NIACIN DEFICIENCY RULED OUT AS GRASS SICKNESS CAUSE
straight away, so that would reduce the risk of high insulin causing laminitis.”
Bailey stresses that obesity is always unhealthy for horses. “Even though obesity does not directly appear to cause the insulin dysregulation that leads to laminitis, usually it is an indicator that insulin levels may be high because insulin promotes obesity,” he says. “Therefore, aiming for a moderate body condition is going to be the best advice for long-term management.” Bailey adds that this study underscores the influence of genetics on insulin sensitivity.
“Comparing breeds, we saw marked breed differences between the responses. Even though the Standardbreds became slightly more insulin resistant on the high-grain diet, the ponies and Andalusians were relatively insulin resistant even at a moderate body condition score and became even more insulin resistant on the high-grain diet (but not on the high-fat diet),” he says.
Taking these findings into consideration, says Bailey, “the general advice for owners of EMS-prone horses and ponies would be to avoid high-grain concentrate feeds and spring pasture which may produce the sorts of high insulin levels that drive insulin resistance and increase the risk of laminitis. When animals are in work, then using some oil or a proprietary lowglycemic supplementary feed may be the best way to supplement calories.”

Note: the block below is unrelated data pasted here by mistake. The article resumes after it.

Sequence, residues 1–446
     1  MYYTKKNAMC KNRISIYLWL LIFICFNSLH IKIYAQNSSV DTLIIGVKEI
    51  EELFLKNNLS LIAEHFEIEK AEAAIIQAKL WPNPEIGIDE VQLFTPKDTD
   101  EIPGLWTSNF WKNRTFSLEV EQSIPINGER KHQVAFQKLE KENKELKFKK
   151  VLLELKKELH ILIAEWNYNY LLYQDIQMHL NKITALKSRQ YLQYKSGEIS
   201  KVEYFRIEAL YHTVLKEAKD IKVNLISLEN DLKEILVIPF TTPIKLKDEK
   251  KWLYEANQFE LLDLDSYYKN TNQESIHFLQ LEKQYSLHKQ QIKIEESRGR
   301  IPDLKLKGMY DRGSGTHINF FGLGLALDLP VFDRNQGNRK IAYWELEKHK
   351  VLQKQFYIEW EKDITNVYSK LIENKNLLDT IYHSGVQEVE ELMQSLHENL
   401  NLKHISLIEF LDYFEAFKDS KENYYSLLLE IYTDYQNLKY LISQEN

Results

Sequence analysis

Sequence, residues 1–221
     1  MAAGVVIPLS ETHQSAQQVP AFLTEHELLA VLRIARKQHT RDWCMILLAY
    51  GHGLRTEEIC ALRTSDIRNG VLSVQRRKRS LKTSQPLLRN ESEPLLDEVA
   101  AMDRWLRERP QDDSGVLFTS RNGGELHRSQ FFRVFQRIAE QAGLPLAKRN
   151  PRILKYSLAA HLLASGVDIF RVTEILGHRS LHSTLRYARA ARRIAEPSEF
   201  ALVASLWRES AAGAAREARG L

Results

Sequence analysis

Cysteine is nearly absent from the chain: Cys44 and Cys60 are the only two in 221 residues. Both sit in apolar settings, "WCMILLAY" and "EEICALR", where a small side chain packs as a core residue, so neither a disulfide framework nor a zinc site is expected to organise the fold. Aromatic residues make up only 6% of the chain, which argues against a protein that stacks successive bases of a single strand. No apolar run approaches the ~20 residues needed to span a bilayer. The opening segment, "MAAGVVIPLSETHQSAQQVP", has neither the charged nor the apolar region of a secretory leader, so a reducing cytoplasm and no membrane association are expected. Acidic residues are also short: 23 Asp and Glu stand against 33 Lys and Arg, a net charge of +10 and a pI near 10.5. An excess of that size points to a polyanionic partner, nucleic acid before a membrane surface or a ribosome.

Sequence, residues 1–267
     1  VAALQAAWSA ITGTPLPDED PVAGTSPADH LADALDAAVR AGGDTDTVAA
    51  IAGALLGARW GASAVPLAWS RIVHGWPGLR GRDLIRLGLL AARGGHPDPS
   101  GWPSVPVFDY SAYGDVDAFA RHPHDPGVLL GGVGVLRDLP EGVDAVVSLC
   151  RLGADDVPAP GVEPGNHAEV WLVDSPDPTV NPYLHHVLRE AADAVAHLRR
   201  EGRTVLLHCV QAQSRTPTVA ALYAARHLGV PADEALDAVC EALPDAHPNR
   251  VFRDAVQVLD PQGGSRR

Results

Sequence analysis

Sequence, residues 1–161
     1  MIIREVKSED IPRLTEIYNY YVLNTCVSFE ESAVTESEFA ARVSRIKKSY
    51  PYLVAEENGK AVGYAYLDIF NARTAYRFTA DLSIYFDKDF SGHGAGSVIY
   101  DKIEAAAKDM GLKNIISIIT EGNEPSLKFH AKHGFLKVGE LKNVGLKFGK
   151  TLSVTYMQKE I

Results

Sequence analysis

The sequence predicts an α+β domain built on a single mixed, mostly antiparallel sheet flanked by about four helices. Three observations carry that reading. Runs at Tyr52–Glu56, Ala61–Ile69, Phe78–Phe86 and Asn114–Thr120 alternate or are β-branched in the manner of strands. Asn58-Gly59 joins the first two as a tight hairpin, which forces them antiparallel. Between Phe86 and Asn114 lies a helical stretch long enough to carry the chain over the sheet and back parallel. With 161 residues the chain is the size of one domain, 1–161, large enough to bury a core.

As the search for the cause of equine grass sickness (EGS) continues, Scottish researchers have ruled out niacin deficiency as a contributor to the mysterious and deadly gastrointestinal disorder.
Characterized by neurological degeneration that causes paralysis of the digestive tract, EGS is a rare condition that occurs primarily in Britain but is also seen in northern Europe. Horses with acute EGS develop severe colic and typically die within 48 hours of onset; other cases unfold more slowly and horses may waste away for weeks before dying or being euthanatized. There is no known treatment and